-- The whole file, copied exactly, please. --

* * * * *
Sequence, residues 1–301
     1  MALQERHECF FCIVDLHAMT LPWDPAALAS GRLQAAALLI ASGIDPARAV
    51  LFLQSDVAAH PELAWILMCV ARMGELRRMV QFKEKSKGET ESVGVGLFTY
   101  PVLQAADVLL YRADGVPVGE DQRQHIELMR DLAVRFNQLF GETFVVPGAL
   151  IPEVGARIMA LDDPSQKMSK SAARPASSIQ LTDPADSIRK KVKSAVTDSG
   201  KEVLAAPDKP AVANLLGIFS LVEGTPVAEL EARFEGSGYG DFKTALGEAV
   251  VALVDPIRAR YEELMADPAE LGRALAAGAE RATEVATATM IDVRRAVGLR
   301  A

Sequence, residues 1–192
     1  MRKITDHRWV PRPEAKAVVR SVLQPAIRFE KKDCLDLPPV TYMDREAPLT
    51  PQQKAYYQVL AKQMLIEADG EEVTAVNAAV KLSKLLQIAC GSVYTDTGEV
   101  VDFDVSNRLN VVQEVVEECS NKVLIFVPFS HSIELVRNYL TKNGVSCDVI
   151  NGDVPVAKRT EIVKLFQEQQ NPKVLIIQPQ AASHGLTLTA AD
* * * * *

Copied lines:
Sequence, residues 1–301
     1  MALQERHECF FCIVDLHAMT LPWDPAALAS GRLQAAALLI ASGIDPARAV
    51  LFLQSDVAAH PELAWILMCV ARMGELRRMV QFKEKSKGET ESVGVGLFTY
   101  PVLQAADVLL YRADGVPVGE DQRQHIELMR DLAVRFNQLF GETFVVPGAL
   151  IPEVGARIMA LDDPSQKMSK SAARPASSIQ LTDPADSIRK KVKSAVTDSG
   201  KEVLAAPDKP AVANLLGIFS LVEGTPVAEL EARFEGSGYG DFKTALGEAV
   251  VALVDPIRAR YEELMADPAE LGRALAAGAE RATEVATATM IDVRRAVGLR
   301  A

Sequence, residues 1–192
     1  MRKITDHRWV PRPEAKAVVR SVLQPAIRFE KKDCLDLPPV TYMDREAPLT
    51  PQQKAYYQVL AKQMLIEADG EEVTAVNAAV KLSKLLQIAC GSVYTDTGEV
   101  VDFDVSNRLN VVQEVVEECS NKVLIFVPFS HSIELVRNYL TKNGVSCDVI
   151  NGDVPVAKRT EIVKLFQEQQ NPKVLIIQPQ AASHGLTLTA AD